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Local upstart IntroHive raises venture capital

District-based IntroHive raised $1.8 million from investors to bulk up its sales staff, executives plan to announce this week.

The brainchild of founders Jody Glidden and Stewart Walchli, IntroHive creates software that mines the business contacts of a company’s employees in search of potential sales prospects.

The goal, Glidden said, is to cut down on the amount of time that sales representatives spend trying to identify the right point of contact inside a company and increase the likelihood the person will respond.

“Instead of having them cold call, we can give them a steady flow of warm introductions,” Glidden said.

“The value of a person is more than just what they know, it’s who they know,” he continued. “It makes a huge difference if you can know how connected your employees are [or] make a point to hire really connected people.”

Glidden said the software can also be used to recruit new hires by harnessing your employees’ collective contact list. Employees can opt to have their personal connections mined by the software as well, in a way that preserves their own privacy and that of their contacts, Glidden said.

GrowthWorks Atlantic and the New Brunswick Innovation Foundation led the latest round, which builds on $1.2 million the company raised before its launch earlier this year. Glidden and Walchli previously founded Chalk Media, which they sold to BlackBerry maker Research in Motion for $23.1 million in 2009.

Grotech gets Md. money

Vienna-based Grotech Ventures has a fresh $12 million to invest in early-stage ventures as the first private investment firm chosen to receive money from the InvestMaryland fund.

The Maryland legislature approved Democratic Gov. Martin O’Malley’s InvestMaryland initiative last year to help spur entre­pre­neur­ship in the state. The department of business and economic development is enlisting private venture capital firms to help it invest the $84 million fund.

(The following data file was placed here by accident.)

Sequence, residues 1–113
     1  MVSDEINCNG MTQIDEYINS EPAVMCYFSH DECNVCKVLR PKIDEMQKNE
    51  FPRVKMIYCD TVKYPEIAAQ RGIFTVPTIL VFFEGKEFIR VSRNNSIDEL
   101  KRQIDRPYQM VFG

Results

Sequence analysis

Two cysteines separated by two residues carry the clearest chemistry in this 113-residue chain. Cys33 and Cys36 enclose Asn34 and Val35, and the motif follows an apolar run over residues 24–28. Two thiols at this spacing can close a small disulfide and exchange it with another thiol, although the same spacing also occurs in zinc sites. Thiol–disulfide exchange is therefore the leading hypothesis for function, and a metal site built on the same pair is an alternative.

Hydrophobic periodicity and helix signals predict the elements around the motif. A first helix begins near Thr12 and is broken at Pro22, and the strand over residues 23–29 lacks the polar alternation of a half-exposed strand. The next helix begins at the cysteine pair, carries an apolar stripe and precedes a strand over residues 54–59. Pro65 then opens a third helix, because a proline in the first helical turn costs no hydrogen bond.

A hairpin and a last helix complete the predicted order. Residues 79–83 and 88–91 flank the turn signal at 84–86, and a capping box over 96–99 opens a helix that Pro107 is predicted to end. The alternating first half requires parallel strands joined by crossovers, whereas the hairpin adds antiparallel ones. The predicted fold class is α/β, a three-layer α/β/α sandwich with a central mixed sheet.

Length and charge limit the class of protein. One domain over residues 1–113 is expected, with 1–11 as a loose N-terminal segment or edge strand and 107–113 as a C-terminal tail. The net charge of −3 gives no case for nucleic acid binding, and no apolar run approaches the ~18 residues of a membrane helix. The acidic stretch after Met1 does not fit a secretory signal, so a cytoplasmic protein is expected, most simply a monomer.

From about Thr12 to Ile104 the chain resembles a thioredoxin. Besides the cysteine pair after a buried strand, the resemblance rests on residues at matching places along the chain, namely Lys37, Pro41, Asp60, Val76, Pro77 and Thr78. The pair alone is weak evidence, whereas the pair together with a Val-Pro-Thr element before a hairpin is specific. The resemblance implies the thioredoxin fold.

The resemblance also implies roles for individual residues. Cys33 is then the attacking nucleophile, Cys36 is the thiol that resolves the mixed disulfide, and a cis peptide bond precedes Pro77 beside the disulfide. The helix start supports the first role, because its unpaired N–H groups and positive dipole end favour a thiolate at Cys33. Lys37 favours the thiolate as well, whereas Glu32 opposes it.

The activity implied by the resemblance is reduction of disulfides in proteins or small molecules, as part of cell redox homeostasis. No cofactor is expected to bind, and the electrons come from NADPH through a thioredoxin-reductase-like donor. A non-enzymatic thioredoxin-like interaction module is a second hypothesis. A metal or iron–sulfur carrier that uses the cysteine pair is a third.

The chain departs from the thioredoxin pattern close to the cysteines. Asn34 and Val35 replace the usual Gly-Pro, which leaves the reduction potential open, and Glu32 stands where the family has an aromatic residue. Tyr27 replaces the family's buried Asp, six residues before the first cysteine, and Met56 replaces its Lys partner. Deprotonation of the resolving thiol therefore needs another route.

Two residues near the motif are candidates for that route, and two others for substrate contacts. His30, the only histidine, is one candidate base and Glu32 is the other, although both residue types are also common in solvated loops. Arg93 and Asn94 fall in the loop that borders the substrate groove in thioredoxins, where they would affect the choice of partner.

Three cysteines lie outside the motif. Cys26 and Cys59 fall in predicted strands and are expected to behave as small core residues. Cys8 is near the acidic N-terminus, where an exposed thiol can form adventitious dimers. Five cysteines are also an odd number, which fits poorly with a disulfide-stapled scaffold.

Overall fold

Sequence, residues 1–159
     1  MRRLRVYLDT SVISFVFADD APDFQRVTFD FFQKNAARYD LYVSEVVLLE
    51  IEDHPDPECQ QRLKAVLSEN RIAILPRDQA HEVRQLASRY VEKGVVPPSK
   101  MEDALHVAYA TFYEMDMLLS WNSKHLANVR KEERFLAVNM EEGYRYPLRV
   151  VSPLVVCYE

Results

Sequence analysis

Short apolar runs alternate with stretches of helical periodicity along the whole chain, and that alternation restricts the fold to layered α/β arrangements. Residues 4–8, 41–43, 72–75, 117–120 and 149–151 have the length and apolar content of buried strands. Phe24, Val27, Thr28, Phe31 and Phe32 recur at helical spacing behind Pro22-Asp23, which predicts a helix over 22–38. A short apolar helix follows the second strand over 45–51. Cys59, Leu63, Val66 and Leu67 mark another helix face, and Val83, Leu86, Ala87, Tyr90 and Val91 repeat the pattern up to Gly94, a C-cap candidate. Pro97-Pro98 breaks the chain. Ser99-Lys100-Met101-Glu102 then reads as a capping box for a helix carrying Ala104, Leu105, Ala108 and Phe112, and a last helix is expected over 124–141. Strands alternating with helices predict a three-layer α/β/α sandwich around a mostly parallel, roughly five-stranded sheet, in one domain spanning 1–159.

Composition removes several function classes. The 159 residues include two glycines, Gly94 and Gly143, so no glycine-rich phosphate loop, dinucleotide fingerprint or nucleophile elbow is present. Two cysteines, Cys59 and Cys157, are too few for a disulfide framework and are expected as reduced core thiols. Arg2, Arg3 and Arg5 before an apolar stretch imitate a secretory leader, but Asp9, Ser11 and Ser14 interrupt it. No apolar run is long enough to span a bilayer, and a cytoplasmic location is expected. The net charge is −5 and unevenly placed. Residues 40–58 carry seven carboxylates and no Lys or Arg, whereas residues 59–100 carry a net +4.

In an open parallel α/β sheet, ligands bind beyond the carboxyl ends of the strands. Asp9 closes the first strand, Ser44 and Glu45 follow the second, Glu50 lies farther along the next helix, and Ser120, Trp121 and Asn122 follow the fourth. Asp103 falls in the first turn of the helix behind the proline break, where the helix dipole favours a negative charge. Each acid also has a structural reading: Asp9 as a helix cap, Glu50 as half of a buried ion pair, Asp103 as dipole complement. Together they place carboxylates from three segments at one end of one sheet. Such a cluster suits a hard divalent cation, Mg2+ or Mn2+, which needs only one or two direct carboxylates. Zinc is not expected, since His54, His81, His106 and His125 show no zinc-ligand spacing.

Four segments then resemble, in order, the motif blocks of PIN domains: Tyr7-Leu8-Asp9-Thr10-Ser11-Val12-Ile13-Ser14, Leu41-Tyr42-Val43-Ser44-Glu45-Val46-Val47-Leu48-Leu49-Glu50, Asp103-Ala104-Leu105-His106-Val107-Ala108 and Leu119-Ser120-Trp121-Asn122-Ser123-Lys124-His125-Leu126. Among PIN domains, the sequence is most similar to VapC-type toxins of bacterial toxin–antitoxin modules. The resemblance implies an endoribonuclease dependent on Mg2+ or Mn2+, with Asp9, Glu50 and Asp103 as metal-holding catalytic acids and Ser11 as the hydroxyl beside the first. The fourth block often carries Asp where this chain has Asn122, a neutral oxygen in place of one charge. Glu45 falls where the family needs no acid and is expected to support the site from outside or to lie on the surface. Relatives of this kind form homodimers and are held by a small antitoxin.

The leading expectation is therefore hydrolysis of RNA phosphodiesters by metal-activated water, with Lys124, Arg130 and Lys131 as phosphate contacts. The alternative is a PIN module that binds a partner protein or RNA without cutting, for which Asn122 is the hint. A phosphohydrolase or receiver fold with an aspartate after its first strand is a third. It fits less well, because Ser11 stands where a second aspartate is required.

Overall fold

The money will provide returns to the state budget if the ventures are ultimately successful, though the majority of early-stage ventures do not survive to become major corporations or acquisition targets.

The Maryland Venture Fund Authority, a board appointed to oversee dispersal of the fund, is expected to select additional venture capital firms in the coming months.

LivingSocial tax package

District-based LivingSocial must provide daily deals, technical and marketing training, and other services for small businesses in the city in order to qualify for a hefty tax incentive that the D.C. Council passed this summer.

The new conditions are part of negotiations the city mandated when it adopted a $32.5 million tax incentive plan. The law requires companies seeking the incentives to hammer out an agreement spelling out what they will do to benefit local small businesses.

LivingSocial also must employ at least 1,000 people in the District and establish a 200,000-square-foot headquarters within city limits.

The feasibility of those requirements was called into doubt at the end of last month when LivingSocial announced it would lay off 400 workers across the United States, including 160 in Washington. Those requirements must be met before the tax exemptions take effect in 2016.

The recently finalized agreement covers conditions that take effect next year. Its provisions include:

LivingSocial will distribute daily deals every year for at least 20 companies in areas of the city disrupted by construction. LivingSocial could instead provide those merchants with services, including “social media subscriptions or engagement services” or other “special marketing efforts.”

LivingSocial must also design and administer at least 18 hours of social media marketing and technology training annually for small-business owners in the city.

These sessions will cover “the use of social media, online marketing mechanisms and other technology platforms that may enable entrepreneurs to increase their customer base and sales.”

The company must provide at least 32 hours of engineering-related training annually for 20 software developers in hopes of recruiting and retaining technical talent for companies in the District.

LivingSocial operated an internal training program called Hungry Academy, which is designed to groom engineers for the firm itself. If it continues, that would satisfy the requirement.

Finally, LivingSocial will employ interns each year as part of the city’s Summer Youth Employment Program. The intern salaries are paid by the District and the total number of interns must equal 1 percent of LivingSocial’s local workforce.

If LivingSocial fails to meet any of the requirements in a given year, it will be expected to make up the difference in the next year, the agreement states.

Steven Overly is a national reporter covering federal technology and energy policy with a focus on Capitol Hill. He previously covered the business of technology, biotechnology and venture capital.



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